Some objects get disregarded without notice and others people have now idea they carry them let alone throw them away. But when 2 and half billion people smoke in the world the lighter is an object that probable outs sells most disposable item. Willis Elkins is an artist from outer Brooklyn that collected lighters washed up on the shore and photographed the spectrum. simple but effective.

Monday, January 23, 2012

Aaron Moran

Aaron Moran received his BFA from Emily Carr in 2007, and further supplemented his visual language with two years studying film at SFU. His practice incorporates sculpture, assemblage, drawing, and print media. Aside from his traditional work, he is also involved in an array of self-published projects ranging from zines, to artist books, and everything in between. He is the current artist in residence at the Ranger Station Art Gallery through the Kent / Harrison Arts Council in Harrison Hot Springs, BC.
via Artsy Dartsy

I have come across Aarons work before and just not out it up on the blog, check out his Tumblr for a wide range of works, i really like the selected work iv posted but to be honest i beginning to be a fan of all his stuff. Seeing some of the students do something similar in the past i have real appreciation for his work and style.

Altar To The Space Man
16 x 22 x 7
Found wood, concrete, acrylic, house paint, magazines, metal, pencil, copy transfer

Tuesday, January 17, 2012

Pop Up brought to life

A cool little animation using a range of different methods.

a second a day

There are some things that i find really naff, one of these are light paintings. It seems that everyone is doing it and when i see them i often just think that's so cheap and nasty looking. The other thing is the self portrait each day of my life montage crap, so tired of seeing it and who cares.
However i do quite like this film i found on Petapixel of a second footage each day of 2011, its well put together and for that many individual clips it flows really well and must have been extremely laborious. The end result is a great watch and interesting to say the least.

2011 from hey_rabbit on Vimeo.

Quentin Arnaud

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i had been meaning to post these portraits since i found them months ago, I'm not sure why iv left it until now but they have certainly been on my mind since i saw them. Eery is a word to describe them but i find myself wondering about the face, its expression, its emotion and can this be classed as a portrait if there is no face? Quenin Arnaud certainly captures the shape of the face and its depth.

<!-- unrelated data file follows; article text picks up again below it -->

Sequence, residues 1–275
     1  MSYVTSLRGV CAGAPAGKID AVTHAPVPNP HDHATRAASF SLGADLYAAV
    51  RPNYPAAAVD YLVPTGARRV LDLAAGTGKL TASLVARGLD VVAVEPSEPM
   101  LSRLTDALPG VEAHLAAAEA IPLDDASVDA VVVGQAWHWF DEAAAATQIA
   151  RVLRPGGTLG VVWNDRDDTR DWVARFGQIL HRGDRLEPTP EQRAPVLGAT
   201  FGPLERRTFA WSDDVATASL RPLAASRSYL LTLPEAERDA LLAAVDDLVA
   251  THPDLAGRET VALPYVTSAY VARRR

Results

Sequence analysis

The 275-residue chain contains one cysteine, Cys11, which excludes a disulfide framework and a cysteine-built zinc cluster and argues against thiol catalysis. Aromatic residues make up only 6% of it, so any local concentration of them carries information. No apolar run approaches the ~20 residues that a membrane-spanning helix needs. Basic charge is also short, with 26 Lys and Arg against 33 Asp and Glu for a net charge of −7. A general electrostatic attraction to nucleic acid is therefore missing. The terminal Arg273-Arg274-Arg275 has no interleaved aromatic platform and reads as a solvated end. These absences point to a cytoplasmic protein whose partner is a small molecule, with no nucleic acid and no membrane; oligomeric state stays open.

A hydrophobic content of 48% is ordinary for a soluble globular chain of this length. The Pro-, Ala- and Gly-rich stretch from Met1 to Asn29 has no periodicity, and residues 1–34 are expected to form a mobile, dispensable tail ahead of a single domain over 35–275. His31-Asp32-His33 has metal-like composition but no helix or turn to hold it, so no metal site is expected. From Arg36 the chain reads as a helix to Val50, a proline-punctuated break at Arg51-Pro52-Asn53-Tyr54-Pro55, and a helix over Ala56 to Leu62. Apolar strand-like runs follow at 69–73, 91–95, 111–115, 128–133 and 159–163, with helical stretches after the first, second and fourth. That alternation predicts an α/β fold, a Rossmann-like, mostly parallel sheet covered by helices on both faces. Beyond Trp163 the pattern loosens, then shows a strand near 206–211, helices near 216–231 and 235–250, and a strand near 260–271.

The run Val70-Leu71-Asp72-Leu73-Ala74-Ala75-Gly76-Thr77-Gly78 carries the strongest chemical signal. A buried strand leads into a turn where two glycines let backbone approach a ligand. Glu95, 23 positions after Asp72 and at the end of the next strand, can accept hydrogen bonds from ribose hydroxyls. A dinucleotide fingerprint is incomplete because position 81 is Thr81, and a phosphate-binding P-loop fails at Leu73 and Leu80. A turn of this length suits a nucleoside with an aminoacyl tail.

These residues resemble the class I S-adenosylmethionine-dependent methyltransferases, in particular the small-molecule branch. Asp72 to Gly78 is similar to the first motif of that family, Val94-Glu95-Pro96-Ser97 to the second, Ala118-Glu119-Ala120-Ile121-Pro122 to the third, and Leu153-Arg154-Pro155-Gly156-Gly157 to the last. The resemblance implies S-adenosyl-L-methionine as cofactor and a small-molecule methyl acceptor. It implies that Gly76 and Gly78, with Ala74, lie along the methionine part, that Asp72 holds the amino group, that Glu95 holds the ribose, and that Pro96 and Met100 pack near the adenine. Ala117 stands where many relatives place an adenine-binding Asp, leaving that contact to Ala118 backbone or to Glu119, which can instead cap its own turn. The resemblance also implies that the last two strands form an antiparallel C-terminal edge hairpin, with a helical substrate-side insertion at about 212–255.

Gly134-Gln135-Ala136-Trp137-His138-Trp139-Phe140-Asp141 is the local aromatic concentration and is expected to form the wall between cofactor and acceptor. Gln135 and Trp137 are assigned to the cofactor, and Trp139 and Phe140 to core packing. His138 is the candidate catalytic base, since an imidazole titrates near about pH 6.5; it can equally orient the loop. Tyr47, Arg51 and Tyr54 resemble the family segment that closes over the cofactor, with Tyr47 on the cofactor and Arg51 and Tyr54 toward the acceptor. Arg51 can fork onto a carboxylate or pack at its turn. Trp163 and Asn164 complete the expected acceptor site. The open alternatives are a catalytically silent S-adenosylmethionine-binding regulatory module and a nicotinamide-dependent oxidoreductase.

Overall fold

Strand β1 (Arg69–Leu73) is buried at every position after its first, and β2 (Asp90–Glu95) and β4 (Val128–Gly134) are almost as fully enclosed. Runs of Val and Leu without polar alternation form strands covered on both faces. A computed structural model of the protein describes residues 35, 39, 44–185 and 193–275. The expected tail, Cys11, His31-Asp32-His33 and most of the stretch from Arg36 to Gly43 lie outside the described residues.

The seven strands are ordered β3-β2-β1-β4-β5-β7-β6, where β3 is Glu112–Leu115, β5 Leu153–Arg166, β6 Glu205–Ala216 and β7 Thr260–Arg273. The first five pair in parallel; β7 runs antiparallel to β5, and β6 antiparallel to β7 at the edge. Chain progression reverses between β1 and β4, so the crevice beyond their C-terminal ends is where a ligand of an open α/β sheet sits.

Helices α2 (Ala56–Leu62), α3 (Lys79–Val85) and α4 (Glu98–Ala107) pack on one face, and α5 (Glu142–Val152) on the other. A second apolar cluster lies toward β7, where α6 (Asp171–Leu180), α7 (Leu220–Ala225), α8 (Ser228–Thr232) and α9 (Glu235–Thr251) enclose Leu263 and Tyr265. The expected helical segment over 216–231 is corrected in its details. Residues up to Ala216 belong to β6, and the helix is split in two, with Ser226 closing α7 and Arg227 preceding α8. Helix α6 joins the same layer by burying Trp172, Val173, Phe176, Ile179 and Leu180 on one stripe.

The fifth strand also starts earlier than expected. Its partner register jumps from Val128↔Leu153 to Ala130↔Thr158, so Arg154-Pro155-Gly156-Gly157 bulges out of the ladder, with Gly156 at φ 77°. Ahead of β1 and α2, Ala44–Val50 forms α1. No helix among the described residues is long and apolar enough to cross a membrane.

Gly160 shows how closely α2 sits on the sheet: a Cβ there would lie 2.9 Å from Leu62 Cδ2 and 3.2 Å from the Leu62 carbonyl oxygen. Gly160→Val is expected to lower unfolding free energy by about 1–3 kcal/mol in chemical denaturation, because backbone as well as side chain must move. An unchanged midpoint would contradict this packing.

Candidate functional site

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Sunday, January 8, 2012


Check it out, one of our ex students worked on the special effects on this movie most of which is in the trailer. Makes me want to go back to uni and have a career change.

Wednesday, January 4, 2012

Christopher Bucklow's Pinhole

Bucklow begins by projecting the shadow of his sitter on a large sheet of aluminum foil and tracing its outline. He then makes about twenty thousand small pinholes in the foil silhouette (one for each day of the average human lifespan). Using a contraption of his own device that places the foil over a large sheet of photographic paper, Bucklow wheels his homemade 'camera' out into daylight and pulls the 'shutter' to briefly expose the paper to direct sunlight. Thus each finished picture becomes a kind of photogram silhouette composed of thousands of pinhole photographs of the sun. The intensity of light on a given day and the length of exposure create unique color variations on how the resulting piece appears. via Danziger Gallery:

Buckow's cast of characters are drawn from his circle of acquaintances and, unlike conventional photography, each image is unique and unrepeatable.